Two years after 250 angry parents filled a school gym in outrage against a proposed Valley Cities rehab facility that would be near a school, the 8-acre property the campus would have sat on has sold for $6 million.
The Des Moines property at South 272nd Street and Pacific Highway South will instead be home to 760 units of apartments, an extended-stay hotel and senior housing.
Michael Lai, CEO and investing partner of ML Companies, Inc., USASIA Pacific EB5 Investment and SML Seattle Modern Living, LLC, said crews will break ground on the development in May 2018 with expected completion by 2022.
“The community really came out and supported us,” Lai said about the multi-family project in which community input was sought early on in the process. “…We wanted to get the community well-informed on what we’ll do.”
When all is said and done, Lai and his companies will have invested $120 million into the project.
The project is quite different from the 2015 proposed Woodmont Recovery Center, a “one-stop shop” campus for those experiencing mental health and drug and alcohol addiction that was initially intended for the site.
And while Valley Cities decided against building the rehab facility, CEO Ken Taylor said administrators been able to turn lemons into lemonade.
“By this not happening, we’ve actually been able to leverage millions of dollars that allows us to create much larger resources than we would have,” Taylor said.
Valley Cities initially proposed the Woodmont Recovery Center to include five buildings: An evaluation and treatment center with 16 involuntary and eight voluntary beds; a three-story outpatient and administration building; a dependency recovery center; a recovery cafe; and a medical methadone dispensary, which was taken out of plans before the backlash, yet still was a cause of concern for many.
But because plans for the campus dissolved, Taylor said Valley Cities will be able to provide 100 beds for those seeking help instead of the original 24. Nearly 70 detox and recovery beds will be at a dependency recovery center in Beacon Hill, set to open in about three months, and 32 beds at an evaluation and treatment center in Kent, set to open in spring 2018.
Valley Cities has been growing rapidly to accommodate the increased need.
“The number of clients we’ve seen over the last four years has increased by 150 percent,” Lind Simonsen, Valley Cities’ communications director, said.
Six years ago, Valley Cities was seeing 300-400 people a year but now it sees that amount each month.
That increase stems from a nationwide opioid epidemic but also wider access to health care through the Affordable Care Act.
“We see with the Affordable Care Act are individuals and families, children, teens, young adults all the way to seniors getting services they didn’t have access to before,” Simonsen said. “And that is helping to bring families back together, get people back to work, get people back to school, creating better environments for the family and individuals and our communities.”
In total, once completed, Valley Cities will have increased its eight locations to 18 with a handful in north Seattle. Its reach will extend as far north as Lake City and as far south as Enumclaw.
A continual concern, however, is finding locations for outpatient treatment facilities.
“All of our outpatient locations are literally overrun in terms of, we just don’t have enough space,” Taylor said.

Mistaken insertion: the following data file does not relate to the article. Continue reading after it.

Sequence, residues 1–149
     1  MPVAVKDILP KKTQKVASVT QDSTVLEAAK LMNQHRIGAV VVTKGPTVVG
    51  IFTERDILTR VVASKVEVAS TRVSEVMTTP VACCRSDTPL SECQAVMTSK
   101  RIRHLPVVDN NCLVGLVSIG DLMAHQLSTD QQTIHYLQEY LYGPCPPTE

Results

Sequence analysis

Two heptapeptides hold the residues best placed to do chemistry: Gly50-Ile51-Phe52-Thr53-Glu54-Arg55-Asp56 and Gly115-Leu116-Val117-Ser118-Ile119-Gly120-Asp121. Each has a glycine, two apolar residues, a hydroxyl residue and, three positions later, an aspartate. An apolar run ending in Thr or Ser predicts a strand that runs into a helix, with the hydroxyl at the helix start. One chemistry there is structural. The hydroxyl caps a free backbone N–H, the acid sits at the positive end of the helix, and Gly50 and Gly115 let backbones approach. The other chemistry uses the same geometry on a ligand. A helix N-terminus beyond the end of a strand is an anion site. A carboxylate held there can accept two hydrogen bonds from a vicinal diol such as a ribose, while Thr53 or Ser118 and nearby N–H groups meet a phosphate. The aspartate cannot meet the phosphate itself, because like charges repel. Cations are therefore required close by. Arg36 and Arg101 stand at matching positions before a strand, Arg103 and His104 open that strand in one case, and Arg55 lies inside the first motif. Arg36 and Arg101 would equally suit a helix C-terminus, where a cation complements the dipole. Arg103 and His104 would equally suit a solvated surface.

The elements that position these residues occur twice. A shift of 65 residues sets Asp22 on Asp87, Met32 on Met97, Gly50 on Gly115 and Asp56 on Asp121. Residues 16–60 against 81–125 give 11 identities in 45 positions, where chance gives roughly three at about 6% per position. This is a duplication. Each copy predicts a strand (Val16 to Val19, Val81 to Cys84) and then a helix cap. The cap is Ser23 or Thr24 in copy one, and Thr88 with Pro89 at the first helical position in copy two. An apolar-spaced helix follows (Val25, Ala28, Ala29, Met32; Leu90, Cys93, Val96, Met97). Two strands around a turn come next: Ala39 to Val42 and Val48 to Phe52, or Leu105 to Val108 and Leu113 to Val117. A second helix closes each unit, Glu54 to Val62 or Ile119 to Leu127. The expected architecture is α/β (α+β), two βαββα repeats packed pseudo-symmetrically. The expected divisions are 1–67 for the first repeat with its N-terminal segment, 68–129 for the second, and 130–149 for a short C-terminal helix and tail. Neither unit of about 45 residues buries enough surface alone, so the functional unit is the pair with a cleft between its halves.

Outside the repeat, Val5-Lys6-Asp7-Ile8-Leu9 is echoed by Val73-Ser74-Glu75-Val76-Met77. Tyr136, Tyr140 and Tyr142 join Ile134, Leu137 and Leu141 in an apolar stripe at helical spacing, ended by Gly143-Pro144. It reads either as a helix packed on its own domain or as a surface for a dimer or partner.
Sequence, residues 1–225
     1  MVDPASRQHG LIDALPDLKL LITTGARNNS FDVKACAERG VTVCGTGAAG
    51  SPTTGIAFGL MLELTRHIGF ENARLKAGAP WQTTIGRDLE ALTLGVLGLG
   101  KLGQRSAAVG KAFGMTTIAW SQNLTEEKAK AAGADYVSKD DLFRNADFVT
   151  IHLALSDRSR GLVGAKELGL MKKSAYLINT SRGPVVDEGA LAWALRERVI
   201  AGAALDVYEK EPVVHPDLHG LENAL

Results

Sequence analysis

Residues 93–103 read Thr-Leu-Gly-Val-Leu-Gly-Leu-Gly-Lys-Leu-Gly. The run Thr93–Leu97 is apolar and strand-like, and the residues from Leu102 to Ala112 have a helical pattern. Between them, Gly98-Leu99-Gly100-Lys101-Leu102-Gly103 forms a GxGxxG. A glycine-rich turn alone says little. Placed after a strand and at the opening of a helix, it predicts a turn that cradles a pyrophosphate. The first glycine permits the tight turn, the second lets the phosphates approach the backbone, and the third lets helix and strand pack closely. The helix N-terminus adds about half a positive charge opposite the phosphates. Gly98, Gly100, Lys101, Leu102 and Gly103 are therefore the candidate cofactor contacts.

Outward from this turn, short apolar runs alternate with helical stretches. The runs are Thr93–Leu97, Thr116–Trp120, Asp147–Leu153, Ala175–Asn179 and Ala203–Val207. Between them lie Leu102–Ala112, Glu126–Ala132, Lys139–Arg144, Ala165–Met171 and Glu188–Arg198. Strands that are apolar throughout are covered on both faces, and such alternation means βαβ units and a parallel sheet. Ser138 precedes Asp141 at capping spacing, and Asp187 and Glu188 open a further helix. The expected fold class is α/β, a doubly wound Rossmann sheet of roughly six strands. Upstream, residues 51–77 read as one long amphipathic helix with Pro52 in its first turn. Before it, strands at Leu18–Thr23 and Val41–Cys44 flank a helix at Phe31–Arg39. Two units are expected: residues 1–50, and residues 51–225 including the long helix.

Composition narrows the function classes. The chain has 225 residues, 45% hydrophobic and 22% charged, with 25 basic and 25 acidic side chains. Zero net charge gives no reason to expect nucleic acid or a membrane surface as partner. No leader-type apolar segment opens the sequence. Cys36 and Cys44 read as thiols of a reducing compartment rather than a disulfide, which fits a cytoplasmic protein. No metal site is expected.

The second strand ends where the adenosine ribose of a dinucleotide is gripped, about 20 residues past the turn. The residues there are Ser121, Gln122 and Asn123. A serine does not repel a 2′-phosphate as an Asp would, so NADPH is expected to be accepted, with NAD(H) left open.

Taylor said six out of seven people will likely fail after they go to a rehab facility, but outpatient counseling following treatment increases the success rate.
Valley Cities plans to move current counseling services on 33301 First Way S. to a recently-purchased 10,000 square-foot office building that is currently the home of Restoration Life Church at 1336 S. 336th St.
Simonsen said the move won’t address the need for more outpatient locations, but it will create a “campus-like” setting as it will be near the Multi-Service Center, King County Public Health, Healthpoint, the Day Center and a new 16-bed evaluation and treatment center run by Telecare.
“The nice thing is it creates a quasi-campus within a couple of blocks and is in pretty easy proximity to the highway for transportation services,” Taylor said.
As for the recovery cafe, Valley Cities opened Phoenix Rising in Auburn, which provides 24 apartment units for formerly homeless youth and young adults.
Taylor describes it as the “coolest thing since sliced bread.”
The 4,000-square-foot facility will also help people get jobs skills and training. They’ll learn to work in a commercial kitchen and eventually make meals for the evaluation and treatment center in Kent that will open next spring.
“So we’re literally going to teach clients or former clients the skills of the culinary arts, if you will, and they will make meals and put them on serving trays and load them on the van and drive them from Auburn to Kent where there is no kitchen facility,” Taylor said. “The 32 people who are staying there will actually get meals prepared [at the recovery cafe] and will be training and actually paying people who are working in the cafe to do that.”
And while Valley Cities has no current plans to place services in the north Federal Way area, the controversy over the Woodmont Recovery Center’s proposed location did spark a conversation among city officials, legislators and Congress members.
“Just like the opioid crisis and people living in the woods, this whole exercise in Woodmont has raised awareness of the needs in the community for mental health treatment and reaching out to people that are homeless and addicted,” Simonsen said. “And when we get more people in local, city and state governments that recognize this is going on, and they have an opportunity to see and hear people talk about it and the recoveries they’re going through, they become strong proponents of continuing to provide funding so that we can provide these services.”